As for women, I feel that because of the natural ability they have of overcoming challenges, especially emotional ones, they would have less of a tendency to emotionally break down. 10. After the study, how do you think the prisoners and guards felt when they saw each other in the same civilian clothes again and saw their prison reconverted to a basement laboratory hallway? I feel that the prisoners and guards both may have felt a little ashamed for the way they had acted, very embarrassed for the way they were treated, and confused due to the events that took place. 1. Moving beyond physical prisons built of steel and concrete, what psychological prisons do we create for ourselves and others? If prisons are seen as forms of control which limit individual freedom, how do they differ from the prisons we create through racism, sexism, ageism, poverty, and other social institutions? Extend your discussion to focus on: The psychological prisons that we create for ourselves can range from phobias of insects to hatred towards certain ethnic groups.
The physical confinement is only temporary whereas psychological imprisonment may last a lifetime. * The illusion of prison created in marriages where one spouse becomes “guard” and the other becomes “prisoner” Within marriages, the illusion of prison is created when one spouse begins to feel as though their actions are constantly being monitored by the other spouse. Actions such as “nagging”, scolding, and constantly reminding the spouse to do things that the first spouse feels should be common knowledge can all serve as pathways that lead towards this type of illusion. The illusion of prison created in neurosis where one aspect of the person becomes the prisoner who is told he/she is inadequate and hopeless, while another aspect serves as a personal guard. In this instance, the prison that you have built for yourself is one where you are more prevented from accessing freedom from your “guard” rather than not being able to achieve it though simply escaping. For instance, an illusion created by neurosis may bring about an unexplainable fear of dogs.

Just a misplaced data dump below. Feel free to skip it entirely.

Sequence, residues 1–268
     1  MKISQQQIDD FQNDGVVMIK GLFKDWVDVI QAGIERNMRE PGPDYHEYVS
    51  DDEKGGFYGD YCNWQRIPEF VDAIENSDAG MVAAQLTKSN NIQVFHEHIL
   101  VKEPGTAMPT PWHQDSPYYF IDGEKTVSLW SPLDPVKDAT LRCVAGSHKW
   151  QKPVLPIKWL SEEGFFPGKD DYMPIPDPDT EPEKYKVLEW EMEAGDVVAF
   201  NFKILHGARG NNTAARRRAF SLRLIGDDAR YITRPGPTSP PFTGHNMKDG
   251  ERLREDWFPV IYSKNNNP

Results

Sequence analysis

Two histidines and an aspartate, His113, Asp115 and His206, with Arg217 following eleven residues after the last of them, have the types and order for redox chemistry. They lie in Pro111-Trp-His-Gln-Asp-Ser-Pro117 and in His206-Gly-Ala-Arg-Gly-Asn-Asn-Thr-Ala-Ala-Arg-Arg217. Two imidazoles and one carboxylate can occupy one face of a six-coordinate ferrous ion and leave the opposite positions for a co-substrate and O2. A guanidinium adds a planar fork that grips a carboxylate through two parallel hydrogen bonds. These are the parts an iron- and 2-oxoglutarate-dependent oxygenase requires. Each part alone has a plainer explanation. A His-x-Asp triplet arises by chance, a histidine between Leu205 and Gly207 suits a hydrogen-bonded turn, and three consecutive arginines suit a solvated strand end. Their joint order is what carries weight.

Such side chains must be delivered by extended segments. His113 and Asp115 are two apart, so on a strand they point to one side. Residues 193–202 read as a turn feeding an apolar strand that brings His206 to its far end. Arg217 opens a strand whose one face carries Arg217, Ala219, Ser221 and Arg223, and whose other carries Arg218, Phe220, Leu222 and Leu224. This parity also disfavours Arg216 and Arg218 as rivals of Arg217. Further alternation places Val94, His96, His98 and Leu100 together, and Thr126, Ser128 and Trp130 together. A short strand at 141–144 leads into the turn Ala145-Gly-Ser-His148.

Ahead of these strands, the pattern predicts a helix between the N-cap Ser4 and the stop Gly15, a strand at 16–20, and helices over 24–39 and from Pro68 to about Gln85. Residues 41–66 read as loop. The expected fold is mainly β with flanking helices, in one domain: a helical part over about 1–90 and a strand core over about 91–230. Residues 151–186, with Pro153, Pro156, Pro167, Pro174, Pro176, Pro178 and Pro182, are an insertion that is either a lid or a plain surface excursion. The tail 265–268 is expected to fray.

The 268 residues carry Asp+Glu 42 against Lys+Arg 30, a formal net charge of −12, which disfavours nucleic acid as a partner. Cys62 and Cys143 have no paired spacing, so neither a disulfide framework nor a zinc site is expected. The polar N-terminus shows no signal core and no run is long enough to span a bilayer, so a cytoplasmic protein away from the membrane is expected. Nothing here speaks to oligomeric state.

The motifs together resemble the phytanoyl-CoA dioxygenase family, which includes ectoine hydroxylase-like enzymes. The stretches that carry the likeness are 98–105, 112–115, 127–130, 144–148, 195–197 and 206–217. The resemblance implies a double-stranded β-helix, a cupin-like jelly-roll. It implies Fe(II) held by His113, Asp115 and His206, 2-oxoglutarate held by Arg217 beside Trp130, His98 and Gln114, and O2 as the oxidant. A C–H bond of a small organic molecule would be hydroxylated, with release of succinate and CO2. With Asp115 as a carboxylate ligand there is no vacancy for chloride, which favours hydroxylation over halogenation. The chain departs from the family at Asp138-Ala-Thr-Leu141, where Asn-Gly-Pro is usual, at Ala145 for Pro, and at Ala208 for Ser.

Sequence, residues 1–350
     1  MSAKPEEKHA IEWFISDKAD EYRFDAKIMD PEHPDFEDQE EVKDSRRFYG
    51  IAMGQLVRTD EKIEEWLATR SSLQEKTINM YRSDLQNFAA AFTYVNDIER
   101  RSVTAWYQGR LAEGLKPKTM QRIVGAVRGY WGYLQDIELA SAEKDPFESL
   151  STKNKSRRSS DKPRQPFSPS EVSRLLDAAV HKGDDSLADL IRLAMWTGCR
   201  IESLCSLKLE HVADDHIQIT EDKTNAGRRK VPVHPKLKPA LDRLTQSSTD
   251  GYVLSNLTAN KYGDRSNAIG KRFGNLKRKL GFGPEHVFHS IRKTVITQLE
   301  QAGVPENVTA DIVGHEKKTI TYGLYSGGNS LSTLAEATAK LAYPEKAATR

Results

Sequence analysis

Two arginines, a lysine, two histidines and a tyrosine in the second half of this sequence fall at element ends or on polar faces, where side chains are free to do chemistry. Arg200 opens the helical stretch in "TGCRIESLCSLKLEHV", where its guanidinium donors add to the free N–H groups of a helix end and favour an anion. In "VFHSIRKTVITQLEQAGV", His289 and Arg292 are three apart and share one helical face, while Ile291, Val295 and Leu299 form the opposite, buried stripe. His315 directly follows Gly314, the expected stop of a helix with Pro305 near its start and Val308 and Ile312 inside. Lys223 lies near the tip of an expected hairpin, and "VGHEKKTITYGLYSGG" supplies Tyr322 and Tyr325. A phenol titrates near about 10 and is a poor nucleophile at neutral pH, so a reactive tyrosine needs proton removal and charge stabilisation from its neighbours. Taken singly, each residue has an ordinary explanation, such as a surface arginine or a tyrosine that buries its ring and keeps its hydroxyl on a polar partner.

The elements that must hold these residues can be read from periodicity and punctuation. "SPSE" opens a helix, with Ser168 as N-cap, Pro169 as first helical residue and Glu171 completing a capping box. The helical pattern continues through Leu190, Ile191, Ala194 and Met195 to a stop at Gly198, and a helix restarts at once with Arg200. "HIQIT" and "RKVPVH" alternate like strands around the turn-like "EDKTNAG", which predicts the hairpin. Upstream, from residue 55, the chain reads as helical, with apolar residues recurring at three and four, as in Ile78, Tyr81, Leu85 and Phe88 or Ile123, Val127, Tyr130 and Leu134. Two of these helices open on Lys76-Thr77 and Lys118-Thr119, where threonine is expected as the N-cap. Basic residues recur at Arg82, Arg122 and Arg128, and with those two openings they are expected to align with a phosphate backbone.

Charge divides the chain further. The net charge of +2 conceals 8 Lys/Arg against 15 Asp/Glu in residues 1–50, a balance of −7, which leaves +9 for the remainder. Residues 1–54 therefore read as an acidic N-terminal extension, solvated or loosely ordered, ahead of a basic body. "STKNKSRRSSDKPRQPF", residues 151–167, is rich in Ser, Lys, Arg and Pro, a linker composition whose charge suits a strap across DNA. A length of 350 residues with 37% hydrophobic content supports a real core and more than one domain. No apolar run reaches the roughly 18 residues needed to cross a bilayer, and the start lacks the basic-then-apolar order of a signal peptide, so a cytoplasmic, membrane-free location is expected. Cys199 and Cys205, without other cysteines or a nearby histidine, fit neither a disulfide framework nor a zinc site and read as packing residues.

Your guard will prevent you from exploring the reasons why you are afraid of dogs because it will constantly remind you of the sense of hopelessness you will have against them. * The silent prison of shyness, in which the shy person is simultaneously his or her own guard and prisoner. In this aspect where you are both the guard and prisoner in your “institution of shyness”, the illusion is replicated when you are afraid to speak out regarding certain things, or are afraid to say certain things in front of certain people.
The mechanism in your head that tells you that you “can’t say this” or that “you can’t do that” serves as your guard. 12. Was it ethical to do this study? Was it right to trade the suffering experienced by participants for the knowledge gained by the research? (The experimenters did not take this issue lightly, although the Slide Show may sound somewhat matter-of-fact about the events and experiences that occurred). To say it was unethical to do this study would be an understatement. I do not feel that it was right to trade the suffering of the participants for the knowledge the researchers gained.